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San Diegans Reflect On 70th Anniversary Of Hiroshima Atomic Blast

Shinji Mikamo and his wife Miyoko's family pose for a family portrait in Japa...

Credit: Akiko Mikamo/Lulu Publishing

Above: Shinji Mikamo and his wife Miyoko's family pose for a family portrait in Japan in this undated photo.

San Diegans Reflect On 70th Anniversary of Hiroshima Atomic Blast

GUESTS:

Akiko Mikamo, president, San Diego WISH

Mike Kawamura, executive advisor, San Diego WISH

Transcript

As the world remembers the anniversary of the atomic bombings of Hiroshima and Nagasaki, San Diego peace advocates mark the last 70 years when later wars avoided using nuclear weapons.

More than 200,000 people were killed in the two blasts in August 1945, leading to the end of World War II.

Akiko Mikamo

Akiko Mikamo stands with her father, Shinji Mikamo, in this undated photo.

Around 150 people gathered at the Friendship Bell on Shelter Island to celebrate International Peace & Humanity Day on Wednesday night. A solemn ceremony with Japanese floating lanterns is set for Friday at the Coronado community pool and the City Council Chambers patio.

Akiko Mikamo, a San Diego psychologist and president of the San Diego Worldwide Initiative to Safeguard Humanity, was born in Hiroshima decades after the bombing. Her father, Shinji Mikamo, survived the blast. He was 19-years-old at the time. She shares his story in her book, "Rising from the Ashes: A true story of forgiveness and survival after Hiroshima.”

RELATED: A Young Tour Guide, A Hiroshima Survivor And A Baton Passed

Shinji Mikamo was on the roof of a building less than a mile from the epicenter of the blast. He was injured and badly burned when his father pulled him from the rubble.

"They wandered the streets looking for a rescue," Akiko Mikamo said. "There was no food, no shelter. People around them were dying. They didn't know what had happened."

The burns were so bad that Shinji wanted to give up. But the elder Mikamo wouldn't let him and said he was too young to die. It was five days before medical help arrived.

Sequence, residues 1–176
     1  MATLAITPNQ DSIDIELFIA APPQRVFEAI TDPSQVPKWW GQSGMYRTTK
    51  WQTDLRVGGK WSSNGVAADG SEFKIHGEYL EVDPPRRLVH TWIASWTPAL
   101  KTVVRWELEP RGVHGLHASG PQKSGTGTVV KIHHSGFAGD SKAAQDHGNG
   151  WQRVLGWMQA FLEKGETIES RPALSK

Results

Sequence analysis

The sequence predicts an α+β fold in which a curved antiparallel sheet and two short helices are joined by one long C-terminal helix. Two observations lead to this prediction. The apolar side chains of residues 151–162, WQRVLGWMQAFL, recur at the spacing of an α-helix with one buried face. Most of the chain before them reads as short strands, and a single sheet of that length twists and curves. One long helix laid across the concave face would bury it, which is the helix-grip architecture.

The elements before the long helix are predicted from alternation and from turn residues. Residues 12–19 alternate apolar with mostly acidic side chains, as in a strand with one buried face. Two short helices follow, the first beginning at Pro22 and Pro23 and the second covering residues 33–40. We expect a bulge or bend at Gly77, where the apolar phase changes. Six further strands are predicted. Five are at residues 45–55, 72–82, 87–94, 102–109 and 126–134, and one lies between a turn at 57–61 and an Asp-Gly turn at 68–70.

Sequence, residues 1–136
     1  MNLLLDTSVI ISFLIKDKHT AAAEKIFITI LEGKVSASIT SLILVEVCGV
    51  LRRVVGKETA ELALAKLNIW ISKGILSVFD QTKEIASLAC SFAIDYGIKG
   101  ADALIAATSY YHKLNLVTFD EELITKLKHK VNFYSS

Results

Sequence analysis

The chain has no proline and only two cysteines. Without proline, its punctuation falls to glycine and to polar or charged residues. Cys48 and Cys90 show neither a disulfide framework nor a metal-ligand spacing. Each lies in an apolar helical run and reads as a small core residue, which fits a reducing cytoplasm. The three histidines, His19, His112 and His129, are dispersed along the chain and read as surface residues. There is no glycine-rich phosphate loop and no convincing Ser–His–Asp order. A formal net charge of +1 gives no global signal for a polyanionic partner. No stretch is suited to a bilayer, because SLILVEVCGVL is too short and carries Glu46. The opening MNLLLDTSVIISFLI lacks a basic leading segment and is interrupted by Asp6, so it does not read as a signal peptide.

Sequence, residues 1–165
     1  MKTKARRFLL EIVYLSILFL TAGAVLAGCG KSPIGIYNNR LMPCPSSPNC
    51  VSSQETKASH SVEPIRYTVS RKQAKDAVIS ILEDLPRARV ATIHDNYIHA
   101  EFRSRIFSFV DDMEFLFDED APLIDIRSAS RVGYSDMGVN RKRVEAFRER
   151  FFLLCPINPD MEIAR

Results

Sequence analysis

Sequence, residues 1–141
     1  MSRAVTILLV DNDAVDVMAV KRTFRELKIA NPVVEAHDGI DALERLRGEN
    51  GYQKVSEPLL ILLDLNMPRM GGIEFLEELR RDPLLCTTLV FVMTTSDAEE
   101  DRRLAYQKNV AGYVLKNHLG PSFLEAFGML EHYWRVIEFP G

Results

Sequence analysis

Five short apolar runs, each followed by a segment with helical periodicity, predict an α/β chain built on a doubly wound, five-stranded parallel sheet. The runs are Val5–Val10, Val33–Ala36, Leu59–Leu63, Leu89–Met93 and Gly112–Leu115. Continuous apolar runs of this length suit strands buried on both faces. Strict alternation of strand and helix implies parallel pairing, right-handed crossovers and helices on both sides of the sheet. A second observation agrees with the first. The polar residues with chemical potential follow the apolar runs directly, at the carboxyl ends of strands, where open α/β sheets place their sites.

Shinji spent months in the hospital recovering. He lost everything in the bombing except his father's watch which was dug out from the remains of their home. The extreme heat from the explosion caused its glass cover and hands to be fused together. It showed the exact time of the blast: 8:15 a.m.

Akiko Mikamo/Lulu Publishing

This undated photo shows the last item remaining from Shinji Mikamo's home after the atomic bomb was dropped on Hiroshima. It was later stolen while on display at the United Nations.

He donated the family heirloom to the Hiroshima Peace Memorial Museum, which was on display at the United Nations for the 40th anniversary. Akiko Mikamo discovered it was stolen during her visit to New York.

"I was furious," she said. "I couldn't believe someone was so heartless to steal it. It was the only relic that tied to my father and his family. He had no pictures, nothing."

But her father saw things from a bigger perspective.

“When you lose something, you gain something,” he told her.

When the story about the stolen watch went public, people who knew Shinji's family offered him photos of his family.

Akiko Mikamo said her father's story is a message of love and the power of forgiveness.

"He never hated Americans,” she said. “He encouraged his children not to hate and to contribute toward peace.”

A San Diego woman shares the story of her father, who survived the atomic blast in Hiroshima 70 years ago. Midday Edition looks at how survivors promote peace in San Diego.

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